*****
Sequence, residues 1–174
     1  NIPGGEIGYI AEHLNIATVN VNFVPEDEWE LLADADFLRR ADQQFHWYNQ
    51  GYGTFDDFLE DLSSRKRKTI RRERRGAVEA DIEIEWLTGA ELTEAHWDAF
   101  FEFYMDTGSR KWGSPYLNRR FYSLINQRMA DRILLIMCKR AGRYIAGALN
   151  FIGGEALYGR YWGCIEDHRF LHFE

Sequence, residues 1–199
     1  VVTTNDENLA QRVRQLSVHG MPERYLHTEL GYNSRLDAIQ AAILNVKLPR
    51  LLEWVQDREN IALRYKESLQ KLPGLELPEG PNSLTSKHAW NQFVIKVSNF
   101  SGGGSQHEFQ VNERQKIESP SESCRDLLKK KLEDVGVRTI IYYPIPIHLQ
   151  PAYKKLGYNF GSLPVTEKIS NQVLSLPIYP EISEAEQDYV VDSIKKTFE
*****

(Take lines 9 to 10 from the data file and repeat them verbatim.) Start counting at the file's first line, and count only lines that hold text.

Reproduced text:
   101  SGGGSQHEFQ VNERQKIESP SESCRDLLKK KLEDVGVRTI IYYPIPIHLQ
   151  PAYKKLGYNF GSLPVTEKIS NQVLSLPIYP EISEAEQDYV VDSIKKTFE